Admittedly, this list may appear a bit daunting. However, for many people, the short and long-term health benefits of nutritional ketosis (NK) more than justify the efforts needed to achieve and maintain it. The valuable effects of sustained nutritional ketosis include reduced inflammation¹,² and improved insulin sensitivity³,⁴—in addition to a reduction in hunger and cravings⁵,⁶. In combination, these benefits of NK predictably lead to improved metabolic health and major weight loss. However, it is evident that getting an individual’s blood ketone level into the effective therapeutic range of 0.5 to 4.0 mM and then maintaining it there for months and years can be a major challenge. A thorough understanding of the proper composition and management of a well-formulated ketogenic diet (WFKD) is essential in order to achieve and sustain the benefits of nutritional ketosis. In the short-term, appropriate fluid and electrolyte/mineral intakes that match the unique requirements associated with keto-adaptation are necessary for optimum well-being and can markedly reduce or prevent symptoms of the so-called ‘keto-flu’. Over the ensuing months and years, getting and keeping this formulation ‘right’ for the individual is necessary to optimize and sustain metabolic health, disease reversal (e.g., type 2 diabetes, metabolic syndrome, hypertension), and major weight loss. It is also important to keep in mind that for individuals who start out taking medication for a major disease like type 2 diabetes and/or hypertension, a WFKD is a powerful medical therapy which necessitates day-by-day medication management by an expert physician and team to prevent dangerous drug side-effects. We strongly recommend getting medical supervision before making any dietary changes, especially if you are on medications for blood sugar or blood pressure. A physician can help you safely adjust your medications so that they don’t drive your blood sugar or blood pressure too low. Both hypoglycemic (low blood sugar) and hypotensive (low blood pressure) episodes can be very dangerous. To further explore what constitutes a well-formulated ketogenic diet, here are concise summaries of the 10 necessary basic components and how they are utilized to optimize the benefits of nutritional ketosis and to avoid the common pitfalls of this therapeutic metabolic state.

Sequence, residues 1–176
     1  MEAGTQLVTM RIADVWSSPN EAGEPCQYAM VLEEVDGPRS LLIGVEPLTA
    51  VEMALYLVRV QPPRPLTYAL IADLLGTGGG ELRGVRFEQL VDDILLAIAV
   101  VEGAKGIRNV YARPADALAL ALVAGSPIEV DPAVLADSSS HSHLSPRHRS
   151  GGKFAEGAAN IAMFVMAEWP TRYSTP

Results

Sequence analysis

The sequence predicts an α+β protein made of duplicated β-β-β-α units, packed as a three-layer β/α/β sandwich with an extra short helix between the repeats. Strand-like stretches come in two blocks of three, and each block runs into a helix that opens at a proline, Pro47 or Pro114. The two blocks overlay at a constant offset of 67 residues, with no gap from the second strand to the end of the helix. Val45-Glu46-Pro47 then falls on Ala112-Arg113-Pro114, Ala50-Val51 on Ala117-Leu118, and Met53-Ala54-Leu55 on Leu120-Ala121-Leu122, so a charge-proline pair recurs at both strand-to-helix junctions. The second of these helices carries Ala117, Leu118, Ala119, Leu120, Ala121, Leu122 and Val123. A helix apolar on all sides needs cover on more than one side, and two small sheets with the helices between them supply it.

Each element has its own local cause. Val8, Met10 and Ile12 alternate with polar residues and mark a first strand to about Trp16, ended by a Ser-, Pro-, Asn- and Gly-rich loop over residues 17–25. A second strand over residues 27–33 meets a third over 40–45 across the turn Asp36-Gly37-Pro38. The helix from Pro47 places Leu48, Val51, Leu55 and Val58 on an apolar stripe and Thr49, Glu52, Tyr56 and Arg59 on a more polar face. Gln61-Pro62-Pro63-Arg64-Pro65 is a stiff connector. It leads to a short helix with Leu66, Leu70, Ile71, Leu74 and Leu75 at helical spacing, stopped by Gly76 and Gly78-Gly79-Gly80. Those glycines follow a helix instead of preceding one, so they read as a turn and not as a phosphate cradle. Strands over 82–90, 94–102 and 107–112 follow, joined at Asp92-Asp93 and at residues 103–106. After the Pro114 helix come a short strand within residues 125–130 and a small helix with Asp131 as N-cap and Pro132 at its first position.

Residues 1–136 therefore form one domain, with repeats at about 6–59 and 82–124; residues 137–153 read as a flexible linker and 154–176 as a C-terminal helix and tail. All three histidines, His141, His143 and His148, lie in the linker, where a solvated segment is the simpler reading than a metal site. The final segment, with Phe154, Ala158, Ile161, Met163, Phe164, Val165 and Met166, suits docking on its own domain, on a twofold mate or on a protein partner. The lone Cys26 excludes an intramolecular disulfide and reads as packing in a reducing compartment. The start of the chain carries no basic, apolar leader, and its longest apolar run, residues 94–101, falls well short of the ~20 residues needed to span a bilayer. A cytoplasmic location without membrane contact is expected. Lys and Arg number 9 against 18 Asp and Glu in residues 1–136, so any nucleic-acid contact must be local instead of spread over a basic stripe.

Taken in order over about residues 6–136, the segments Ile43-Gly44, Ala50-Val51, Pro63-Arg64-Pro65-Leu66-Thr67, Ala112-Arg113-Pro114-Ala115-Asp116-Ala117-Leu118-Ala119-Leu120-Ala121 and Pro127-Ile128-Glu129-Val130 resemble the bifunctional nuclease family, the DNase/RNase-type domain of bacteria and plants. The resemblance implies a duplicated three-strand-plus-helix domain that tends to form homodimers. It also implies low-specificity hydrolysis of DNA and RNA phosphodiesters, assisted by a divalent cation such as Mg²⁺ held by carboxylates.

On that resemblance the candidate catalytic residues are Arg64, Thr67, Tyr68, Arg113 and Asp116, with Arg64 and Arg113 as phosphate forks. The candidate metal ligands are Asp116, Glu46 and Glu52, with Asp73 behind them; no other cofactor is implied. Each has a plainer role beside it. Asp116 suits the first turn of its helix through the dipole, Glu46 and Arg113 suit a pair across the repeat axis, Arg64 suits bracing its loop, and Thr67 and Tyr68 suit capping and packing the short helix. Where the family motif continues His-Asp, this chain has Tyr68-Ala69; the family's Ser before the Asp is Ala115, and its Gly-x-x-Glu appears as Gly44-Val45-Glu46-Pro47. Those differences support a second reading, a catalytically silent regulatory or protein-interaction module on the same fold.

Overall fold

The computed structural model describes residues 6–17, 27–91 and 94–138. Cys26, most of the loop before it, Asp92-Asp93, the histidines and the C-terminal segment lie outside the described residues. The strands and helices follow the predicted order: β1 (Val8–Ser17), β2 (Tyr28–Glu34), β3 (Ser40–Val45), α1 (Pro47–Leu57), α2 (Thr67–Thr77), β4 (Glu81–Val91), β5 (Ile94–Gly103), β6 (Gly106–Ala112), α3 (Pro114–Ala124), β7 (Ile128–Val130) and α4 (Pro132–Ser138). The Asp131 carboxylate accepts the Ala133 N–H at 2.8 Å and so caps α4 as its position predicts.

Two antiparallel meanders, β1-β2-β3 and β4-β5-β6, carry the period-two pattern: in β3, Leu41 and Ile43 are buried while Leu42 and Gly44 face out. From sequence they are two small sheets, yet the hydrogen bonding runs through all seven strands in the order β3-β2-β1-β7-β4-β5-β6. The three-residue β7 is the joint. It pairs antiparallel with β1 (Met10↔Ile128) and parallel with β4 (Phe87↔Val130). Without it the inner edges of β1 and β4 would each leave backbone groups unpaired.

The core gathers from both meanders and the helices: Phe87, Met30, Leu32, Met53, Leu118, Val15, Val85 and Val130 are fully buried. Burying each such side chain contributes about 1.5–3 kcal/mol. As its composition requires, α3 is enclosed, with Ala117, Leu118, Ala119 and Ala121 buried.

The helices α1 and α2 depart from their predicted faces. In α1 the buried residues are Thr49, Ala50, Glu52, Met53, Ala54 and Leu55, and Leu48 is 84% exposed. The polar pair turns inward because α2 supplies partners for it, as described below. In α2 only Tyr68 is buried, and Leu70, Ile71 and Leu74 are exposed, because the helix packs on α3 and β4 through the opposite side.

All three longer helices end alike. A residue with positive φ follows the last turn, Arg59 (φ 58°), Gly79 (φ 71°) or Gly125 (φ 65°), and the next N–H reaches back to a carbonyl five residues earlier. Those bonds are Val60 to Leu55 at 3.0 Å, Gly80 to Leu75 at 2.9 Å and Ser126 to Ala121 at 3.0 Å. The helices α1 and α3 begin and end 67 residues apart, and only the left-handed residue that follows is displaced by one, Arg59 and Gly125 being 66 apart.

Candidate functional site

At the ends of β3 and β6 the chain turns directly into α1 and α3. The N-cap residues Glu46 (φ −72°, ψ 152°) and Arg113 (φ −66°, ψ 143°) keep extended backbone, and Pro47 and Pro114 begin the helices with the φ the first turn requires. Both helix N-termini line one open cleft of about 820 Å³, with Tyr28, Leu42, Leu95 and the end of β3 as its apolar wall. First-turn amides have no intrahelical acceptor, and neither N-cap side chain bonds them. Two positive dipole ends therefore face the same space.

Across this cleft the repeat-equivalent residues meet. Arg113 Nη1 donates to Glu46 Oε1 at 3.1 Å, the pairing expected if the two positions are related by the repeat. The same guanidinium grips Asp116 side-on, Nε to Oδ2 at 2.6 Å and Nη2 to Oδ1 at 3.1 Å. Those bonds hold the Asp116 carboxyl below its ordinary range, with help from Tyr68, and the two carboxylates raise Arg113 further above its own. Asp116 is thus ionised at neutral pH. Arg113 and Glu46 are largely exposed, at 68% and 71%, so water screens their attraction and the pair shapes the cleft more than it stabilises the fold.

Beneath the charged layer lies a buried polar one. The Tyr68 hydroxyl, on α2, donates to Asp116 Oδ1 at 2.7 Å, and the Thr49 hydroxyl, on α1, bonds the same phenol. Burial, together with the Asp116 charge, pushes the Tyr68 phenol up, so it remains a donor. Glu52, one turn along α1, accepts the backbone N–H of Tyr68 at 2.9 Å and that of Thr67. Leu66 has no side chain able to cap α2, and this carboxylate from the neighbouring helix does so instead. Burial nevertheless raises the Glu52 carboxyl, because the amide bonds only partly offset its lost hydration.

Defining Characteristic #1: A WFKD must result in sustained nutritional ketosis.